I’m an enthusiastic and active supporter of a brand called 30 Seconds Out. It’s a veteran-owned e-commerce business whose primary products are things like T-shirts, flags, stickers and patches, most of which have a commando theme. Makes sense: the founder was in special forces for 20 years.
My favorite 30 Seconds Out product is a T-shirt that proclaims: No One is Coming It’s Up to Us. It features a Celtic high cross, which speaks well to my background. In fact, I’m wearing one as I write this, sitting on my couch, three teenagers taking online classes upstairs, my wife on a client call at the dining room table, cats sleeping in the window. I like the No One is Coming ethos because it sums up my approach to life: if you want to make something happen, you need to work at it. I try to instill it in my family — a No One Is Coming flag hangs in our garage — and I’ve often said it at work to remind my teammates that our success is Up to Us.
It might sound like a strange ethos at a time like this, but I focus more on the second part of the saying: It’s Up to Us. COVID-19 most likely will be the biggest challenge we will ever face, as individuals, as an industry and as a society. If we are going to beat this thing — and we are, because there is no choice — it will take a concerted and united effort.
Obviously, lots of you are doing your part, working on the development of vaccines, populating clinical trials and helping to get the word out about best practices to stop the spread and flatten the curve. And most of us are working from home, adapting to a new reality that may be with us for a long time. But this is the way it has to be. We know this because we work in the field. If it’s going to stop, we need to isolate and stick with it.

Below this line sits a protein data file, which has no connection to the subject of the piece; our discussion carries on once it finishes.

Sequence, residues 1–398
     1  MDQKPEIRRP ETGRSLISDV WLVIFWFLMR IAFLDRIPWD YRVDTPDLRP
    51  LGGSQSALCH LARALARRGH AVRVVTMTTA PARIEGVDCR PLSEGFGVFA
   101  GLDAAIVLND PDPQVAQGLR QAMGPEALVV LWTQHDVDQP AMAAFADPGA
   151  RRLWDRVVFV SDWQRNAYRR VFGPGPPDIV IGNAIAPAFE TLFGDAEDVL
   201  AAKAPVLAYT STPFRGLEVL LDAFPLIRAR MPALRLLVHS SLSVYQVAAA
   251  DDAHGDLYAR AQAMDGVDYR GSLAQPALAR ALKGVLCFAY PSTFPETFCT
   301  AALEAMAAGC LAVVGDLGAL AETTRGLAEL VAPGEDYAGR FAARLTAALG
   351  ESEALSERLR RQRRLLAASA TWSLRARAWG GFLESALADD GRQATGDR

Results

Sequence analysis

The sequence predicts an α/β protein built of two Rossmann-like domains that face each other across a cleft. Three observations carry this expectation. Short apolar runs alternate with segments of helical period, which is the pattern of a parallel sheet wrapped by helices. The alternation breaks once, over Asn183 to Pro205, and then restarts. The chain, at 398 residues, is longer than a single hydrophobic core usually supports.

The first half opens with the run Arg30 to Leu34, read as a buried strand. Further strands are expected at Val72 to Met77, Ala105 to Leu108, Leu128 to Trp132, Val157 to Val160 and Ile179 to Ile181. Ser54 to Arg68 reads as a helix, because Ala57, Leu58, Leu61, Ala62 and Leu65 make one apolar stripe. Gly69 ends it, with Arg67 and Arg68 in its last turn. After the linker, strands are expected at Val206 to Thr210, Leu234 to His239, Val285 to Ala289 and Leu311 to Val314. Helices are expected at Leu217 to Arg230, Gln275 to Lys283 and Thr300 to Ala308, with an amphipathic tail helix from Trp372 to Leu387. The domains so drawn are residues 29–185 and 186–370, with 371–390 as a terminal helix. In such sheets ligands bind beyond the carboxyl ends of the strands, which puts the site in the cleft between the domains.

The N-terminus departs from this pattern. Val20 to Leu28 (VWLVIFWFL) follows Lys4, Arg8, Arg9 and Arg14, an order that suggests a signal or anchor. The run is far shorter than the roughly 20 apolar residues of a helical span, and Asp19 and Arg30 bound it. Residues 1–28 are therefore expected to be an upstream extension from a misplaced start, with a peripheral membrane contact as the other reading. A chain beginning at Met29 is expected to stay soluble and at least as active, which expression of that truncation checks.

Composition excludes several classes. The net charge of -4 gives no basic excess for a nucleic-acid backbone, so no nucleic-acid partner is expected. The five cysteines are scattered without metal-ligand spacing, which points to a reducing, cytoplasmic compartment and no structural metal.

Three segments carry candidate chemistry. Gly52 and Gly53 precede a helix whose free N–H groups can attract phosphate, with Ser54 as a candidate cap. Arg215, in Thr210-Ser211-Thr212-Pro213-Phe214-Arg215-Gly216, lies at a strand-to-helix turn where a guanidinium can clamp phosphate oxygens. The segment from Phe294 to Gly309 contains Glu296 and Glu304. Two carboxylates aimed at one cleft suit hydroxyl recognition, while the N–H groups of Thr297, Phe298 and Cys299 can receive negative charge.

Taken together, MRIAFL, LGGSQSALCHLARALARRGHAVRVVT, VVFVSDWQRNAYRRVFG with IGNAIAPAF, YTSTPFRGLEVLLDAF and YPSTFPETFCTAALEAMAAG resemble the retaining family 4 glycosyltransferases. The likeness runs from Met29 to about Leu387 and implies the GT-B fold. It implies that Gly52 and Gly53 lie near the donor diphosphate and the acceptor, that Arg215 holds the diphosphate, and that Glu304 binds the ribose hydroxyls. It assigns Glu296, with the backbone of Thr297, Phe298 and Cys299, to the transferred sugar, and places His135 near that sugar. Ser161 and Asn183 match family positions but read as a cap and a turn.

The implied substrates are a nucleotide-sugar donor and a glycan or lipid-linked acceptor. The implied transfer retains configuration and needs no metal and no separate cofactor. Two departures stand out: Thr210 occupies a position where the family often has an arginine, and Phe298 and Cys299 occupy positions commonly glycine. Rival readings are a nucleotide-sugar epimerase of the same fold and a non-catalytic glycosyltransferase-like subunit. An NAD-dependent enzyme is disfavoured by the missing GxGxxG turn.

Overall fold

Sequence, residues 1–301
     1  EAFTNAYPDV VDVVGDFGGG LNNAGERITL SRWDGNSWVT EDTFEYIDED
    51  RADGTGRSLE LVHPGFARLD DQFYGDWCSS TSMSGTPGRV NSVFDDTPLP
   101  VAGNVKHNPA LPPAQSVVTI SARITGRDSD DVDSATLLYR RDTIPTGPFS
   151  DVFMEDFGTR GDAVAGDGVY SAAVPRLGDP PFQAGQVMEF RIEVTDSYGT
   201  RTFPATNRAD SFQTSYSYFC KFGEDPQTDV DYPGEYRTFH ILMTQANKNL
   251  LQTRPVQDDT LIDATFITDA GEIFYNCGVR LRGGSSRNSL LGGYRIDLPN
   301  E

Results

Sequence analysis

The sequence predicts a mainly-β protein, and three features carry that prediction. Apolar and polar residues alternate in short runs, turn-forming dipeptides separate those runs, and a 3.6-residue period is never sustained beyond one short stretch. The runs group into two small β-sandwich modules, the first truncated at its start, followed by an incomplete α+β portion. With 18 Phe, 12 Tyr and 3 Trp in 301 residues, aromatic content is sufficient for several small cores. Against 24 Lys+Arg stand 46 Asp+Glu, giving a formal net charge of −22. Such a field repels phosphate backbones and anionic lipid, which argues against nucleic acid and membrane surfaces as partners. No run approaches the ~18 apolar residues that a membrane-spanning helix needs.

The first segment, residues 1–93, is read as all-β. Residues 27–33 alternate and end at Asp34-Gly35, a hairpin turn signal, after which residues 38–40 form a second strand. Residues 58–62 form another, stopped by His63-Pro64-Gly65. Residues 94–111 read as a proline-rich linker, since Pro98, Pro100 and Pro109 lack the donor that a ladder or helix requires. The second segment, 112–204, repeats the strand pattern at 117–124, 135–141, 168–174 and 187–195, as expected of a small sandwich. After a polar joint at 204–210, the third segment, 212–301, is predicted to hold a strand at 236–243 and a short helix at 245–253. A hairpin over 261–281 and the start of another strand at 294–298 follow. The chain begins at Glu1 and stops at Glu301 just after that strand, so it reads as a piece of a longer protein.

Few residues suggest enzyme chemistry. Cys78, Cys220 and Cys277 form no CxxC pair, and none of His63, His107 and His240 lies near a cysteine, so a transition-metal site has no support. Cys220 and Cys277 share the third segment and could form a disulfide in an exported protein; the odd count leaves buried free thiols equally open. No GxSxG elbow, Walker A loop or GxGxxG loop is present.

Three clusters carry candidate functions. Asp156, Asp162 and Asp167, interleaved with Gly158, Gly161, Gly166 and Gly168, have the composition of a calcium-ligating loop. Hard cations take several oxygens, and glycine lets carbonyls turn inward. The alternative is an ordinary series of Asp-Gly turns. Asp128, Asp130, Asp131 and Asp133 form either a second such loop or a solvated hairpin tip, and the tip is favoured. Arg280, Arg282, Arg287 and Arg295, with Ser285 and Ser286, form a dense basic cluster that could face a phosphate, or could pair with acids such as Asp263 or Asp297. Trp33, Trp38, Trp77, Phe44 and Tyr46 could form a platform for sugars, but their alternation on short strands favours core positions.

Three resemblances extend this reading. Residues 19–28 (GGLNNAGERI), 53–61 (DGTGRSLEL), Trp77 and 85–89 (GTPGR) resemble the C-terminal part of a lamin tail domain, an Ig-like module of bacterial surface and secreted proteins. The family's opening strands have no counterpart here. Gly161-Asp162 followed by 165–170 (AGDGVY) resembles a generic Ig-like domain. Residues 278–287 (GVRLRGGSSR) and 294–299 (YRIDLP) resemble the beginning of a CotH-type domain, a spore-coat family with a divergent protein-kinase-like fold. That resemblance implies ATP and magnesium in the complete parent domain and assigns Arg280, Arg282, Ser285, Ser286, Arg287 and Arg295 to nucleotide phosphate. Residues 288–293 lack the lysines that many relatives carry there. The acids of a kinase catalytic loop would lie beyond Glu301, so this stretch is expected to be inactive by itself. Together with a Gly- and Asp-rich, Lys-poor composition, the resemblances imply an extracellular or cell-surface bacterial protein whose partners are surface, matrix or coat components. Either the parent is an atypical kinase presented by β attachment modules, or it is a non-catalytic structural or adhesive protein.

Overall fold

My colleague John O’Connor is the editorial director of two of Haymarket’s other business publications, McKnight’s Long Term Care News and McKnight’s Senior Living. I’ve never met John — he’s based near Chicago and I’m in New York — but he’s one of the first people I want to have a beer with when the dust settles, because he has given me great courage by reminding me of something. John wrote in an online piece on McKnight’s: “As bad as this is — and it’s plenty bad — it will not last forever. Sooner or later, we will find a way to treat the coronavirus — or at least get it under control. Why do I believe that? Because that is what we have always done.”
It’s up to us.